During Hollywood’s golden era, hundreds of movie houses were built across the South in cities and towns of all sizes. Today, some of those theaters are still in existence while others have been allowed to fade away. By the 1930s, many Southern towns were slowly rebounding from the Great Depression. As the railroad expanded and brought in more people, these small towns quickly blossomed and the theaters became a popular source for family entertainment.
Originally constructed in an Art Deco motif, this theater first opened its doors in the early 20th century. Film showings included a midday matinee and a Friday and Saturday night feature. Ticket prices were a quarter, give or take a few cents. Westerns, musicals, and light-hearted comedies ranked as the most popular film genres. To maintain public interest, a name change and renovations were common occurrence throughout the theater’s lifetime. After WWII, the auditorium seats were replaced along with the curtains. Today, any resemblance to the original Art Deco styling is long gone.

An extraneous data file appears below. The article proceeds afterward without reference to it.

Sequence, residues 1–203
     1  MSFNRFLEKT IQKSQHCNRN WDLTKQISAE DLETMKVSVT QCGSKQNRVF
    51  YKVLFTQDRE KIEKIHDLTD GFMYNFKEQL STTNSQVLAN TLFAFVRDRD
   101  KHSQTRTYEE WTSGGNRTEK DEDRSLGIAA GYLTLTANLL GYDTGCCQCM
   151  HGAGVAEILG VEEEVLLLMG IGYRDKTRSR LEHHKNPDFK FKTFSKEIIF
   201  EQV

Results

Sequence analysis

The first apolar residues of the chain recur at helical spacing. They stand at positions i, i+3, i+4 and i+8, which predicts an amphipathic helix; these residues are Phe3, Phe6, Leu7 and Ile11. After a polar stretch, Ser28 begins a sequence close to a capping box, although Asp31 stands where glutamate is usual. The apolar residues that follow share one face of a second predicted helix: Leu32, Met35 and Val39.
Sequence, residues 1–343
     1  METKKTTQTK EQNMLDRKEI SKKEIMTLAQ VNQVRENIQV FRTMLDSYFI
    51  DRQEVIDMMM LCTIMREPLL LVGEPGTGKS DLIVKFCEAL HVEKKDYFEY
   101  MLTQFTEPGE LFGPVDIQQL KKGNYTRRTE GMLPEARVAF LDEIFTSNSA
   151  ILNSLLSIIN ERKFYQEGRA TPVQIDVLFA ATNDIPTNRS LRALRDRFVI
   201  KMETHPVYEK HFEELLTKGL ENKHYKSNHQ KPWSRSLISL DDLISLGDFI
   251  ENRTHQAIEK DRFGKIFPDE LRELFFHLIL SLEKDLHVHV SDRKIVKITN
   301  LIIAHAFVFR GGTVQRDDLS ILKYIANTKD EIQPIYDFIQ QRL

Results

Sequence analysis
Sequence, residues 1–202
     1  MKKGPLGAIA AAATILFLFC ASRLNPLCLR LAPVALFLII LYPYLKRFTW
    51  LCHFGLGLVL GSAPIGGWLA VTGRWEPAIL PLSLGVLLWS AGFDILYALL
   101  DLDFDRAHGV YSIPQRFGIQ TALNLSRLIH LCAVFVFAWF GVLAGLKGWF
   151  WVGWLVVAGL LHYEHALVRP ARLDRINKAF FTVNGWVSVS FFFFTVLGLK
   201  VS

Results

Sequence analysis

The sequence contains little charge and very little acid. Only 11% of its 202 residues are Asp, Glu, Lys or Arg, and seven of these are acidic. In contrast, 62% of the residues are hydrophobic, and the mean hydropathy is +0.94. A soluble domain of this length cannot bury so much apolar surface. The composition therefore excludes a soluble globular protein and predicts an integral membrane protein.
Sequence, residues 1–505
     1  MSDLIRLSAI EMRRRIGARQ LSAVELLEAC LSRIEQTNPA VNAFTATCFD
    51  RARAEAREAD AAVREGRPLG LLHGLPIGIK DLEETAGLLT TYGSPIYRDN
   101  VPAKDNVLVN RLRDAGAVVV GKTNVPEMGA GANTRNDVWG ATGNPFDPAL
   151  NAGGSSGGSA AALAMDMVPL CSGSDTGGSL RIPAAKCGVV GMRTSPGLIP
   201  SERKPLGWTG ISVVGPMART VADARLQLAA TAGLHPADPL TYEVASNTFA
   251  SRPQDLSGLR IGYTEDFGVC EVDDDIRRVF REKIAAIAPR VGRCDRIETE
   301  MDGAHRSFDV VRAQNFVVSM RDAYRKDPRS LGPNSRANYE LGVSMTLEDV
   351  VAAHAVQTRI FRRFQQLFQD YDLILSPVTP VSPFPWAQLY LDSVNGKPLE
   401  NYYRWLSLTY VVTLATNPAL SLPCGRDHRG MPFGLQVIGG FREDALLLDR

After the theater permanently closed, the building was briefly repurposed as a church. The property was left abandoned after the church closed. Eventually, the town acquired the property and rumors quickly spread of a possible renovation. However, due to funding issues the theater remained shuttered. In early 2020, renovation plans were finally announced.